Indeed, you can see this warmth and pastoral concern in a sermon Saint Thomas delivered, it is believed, during his second Paris residency (1268-1272). Saint Thomas preached this particular sermon at about the same time of the liturgical year as we find ourselves in, the weeks following Christmastide. His theme is the adolescence of Christ as an example for those who are in the years they are coming to discernment, i.e., their own adolescence. He addresses an age-old puzzle about the Incarnation of the Son of God as a human baby: how could Jesus grow physically and mentally if He is all knowing as True God (as well as being truly human)? Many people genuinely struggle with such questions, especially young people, as obstacles to accepting the truth of the gospels and the teaching of the Church. It is interesting to see Aquinas apply a very medieval academic approach to the question (leading with objections (“we must be amazed”) and distinguishing various sense of words, in order to synthesize them into a coherent whole) in a bit of popular theology in order to serve a very pastoral end. His skill as a preacher is a testament to the pastoral service intellectual and academic efforts can be put. Note well, ye preachers in our midst!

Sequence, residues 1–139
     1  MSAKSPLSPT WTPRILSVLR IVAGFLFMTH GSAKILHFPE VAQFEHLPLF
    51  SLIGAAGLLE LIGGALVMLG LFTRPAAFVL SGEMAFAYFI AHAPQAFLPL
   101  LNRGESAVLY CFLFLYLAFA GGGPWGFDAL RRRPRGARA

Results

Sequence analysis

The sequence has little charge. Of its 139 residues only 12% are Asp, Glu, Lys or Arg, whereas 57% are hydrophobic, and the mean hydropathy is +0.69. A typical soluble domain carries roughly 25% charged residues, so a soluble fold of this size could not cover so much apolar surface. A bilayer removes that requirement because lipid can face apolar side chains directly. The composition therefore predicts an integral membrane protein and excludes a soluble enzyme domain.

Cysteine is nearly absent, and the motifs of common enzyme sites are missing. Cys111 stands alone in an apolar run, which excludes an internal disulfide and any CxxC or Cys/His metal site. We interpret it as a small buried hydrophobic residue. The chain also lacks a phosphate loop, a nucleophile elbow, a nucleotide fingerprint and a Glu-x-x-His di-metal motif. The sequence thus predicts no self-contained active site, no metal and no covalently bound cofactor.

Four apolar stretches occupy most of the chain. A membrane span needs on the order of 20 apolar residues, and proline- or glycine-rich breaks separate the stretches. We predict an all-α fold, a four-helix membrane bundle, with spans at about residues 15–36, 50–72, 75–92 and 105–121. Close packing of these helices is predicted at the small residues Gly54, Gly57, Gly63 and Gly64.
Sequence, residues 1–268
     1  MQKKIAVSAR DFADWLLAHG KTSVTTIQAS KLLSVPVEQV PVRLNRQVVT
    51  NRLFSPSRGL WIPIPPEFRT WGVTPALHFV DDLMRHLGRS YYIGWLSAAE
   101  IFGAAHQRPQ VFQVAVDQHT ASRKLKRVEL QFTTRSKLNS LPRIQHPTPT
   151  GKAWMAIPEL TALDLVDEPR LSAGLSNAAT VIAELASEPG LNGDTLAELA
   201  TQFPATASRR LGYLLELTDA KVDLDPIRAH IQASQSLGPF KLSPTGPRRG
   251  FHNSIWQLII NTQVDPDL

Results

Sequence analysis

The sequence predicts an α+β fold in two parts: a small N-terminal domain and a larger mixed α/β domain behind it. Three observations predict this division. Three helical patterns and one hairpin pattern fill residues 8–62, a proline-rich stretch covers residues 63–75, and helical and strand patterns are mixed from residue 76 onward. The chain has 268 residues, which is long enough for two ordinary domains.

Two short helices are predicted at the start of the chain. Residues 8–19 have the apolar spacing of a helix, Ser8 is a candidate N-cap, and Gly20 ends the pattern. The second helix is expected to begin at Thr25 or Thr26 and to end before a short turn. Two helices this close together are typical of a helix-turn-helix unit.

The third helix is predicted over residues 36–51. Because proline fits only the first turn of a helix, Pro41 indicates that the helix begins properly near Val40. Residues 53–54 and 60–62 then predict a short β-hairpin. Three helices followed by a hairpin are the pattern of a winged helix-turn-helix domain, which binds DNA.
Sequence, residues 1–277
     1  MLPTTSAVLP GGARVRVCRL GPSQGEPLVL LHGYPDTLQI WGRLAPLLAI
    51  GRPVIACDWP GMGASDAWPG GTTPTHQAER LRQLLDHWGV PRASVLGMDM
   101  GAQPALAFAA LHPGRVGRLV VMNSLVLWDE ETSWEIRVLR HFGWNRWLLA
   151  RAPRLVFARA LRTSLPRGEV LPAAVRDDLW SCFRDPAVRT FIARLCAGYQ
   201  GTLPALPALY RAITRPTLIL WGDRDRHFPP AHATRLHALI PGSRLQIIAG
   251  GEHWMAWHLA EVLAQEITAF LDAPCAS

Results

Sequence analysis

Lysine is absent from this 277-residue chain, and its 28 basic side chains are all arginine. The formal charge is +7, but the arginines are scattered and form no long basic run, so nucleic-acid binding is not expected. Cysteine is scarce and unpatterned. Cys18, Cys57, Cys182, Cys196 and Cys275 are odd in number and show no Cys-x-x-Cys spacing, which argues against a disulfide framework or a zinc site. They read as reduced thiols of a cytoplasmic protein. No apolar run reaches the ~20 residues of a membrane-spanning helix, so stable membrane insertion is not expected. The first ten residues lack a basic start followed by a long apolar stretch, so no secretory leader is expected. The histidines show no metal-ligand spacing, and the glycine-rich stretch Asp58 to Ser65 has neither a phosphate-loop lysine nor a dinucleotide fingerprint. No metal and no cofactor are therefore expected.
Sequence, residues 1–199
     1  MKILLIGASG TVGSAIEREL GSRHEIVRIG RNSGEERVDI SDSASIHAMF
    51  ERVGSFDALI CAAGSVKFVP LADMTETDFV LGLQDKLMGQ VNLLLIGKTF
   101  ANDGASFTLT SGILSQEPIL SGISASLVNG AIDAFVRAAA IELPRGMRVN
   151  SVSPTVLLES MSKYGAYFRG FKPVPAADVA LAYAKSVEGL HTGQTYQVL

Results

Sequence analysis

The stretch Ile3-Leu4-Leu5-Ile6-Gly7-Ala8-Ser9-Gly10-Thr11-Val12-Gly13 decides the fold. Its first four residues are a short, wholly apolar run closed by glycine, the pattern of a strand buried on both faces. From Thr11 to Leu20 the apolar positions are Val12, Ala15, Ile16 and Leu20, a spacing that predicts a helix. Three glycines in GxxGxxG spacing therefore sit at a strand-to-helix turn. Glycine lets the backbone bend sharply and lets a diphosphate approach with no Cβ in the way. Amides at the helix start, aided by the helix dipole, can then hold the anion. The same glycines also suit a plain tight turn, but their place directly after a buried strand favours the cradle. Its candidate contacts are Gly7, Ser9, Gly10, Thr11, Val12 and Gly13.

The Boy Jesus: Sermon on the First Sunday after Epiphany
Luke 2:52- The boy Jesus advanced in age and wisdom and in grace with God and the people.
All the things together that the Lord has done or undergone in the flesh are salutary lessons and examples. Hence we read this in John 13:15: I have given you an example, that whatever I have done you may do likewise. And because there is not any age from which the way of salvation is absent—and to the highest extent this applies to the years in which one comes to discernment— the adolescence of Christ is made an example for adolescents. Growth and progress are proper to adolescents. Therefore, the progress of Christ is made an example for adolescents.
But, to begin, let us ask God to enable us to say something about the progress of Christ for the honor of God and for the salvation of our souls.
The boy Jesus. If we want to consider these words carefully, we will find in them four progresses of Christ, namely, the progress of age in regard to the body, the progress of wisdom in regard to the intellect, the progress of grace with God, and the progress also of grace in view of his living together with the people.
Truly, all these progresses are amazing, yes, even full of astonishment and amazement.
For we must be amazed that eternity advances in age, for the Son of God is eternity and from eternity. Psalm 117 and Psalm 119: in eternity, Lord, your truth remains (Ps 119:90, 160; cf. 117:2).
Likewise we must be amazed that the truth advances in wisdom, because the progress of wisdom is knowledge of the truth, whereas Christ is himself the truth, as we read in John 14:6: I am the way, the truth, and the life.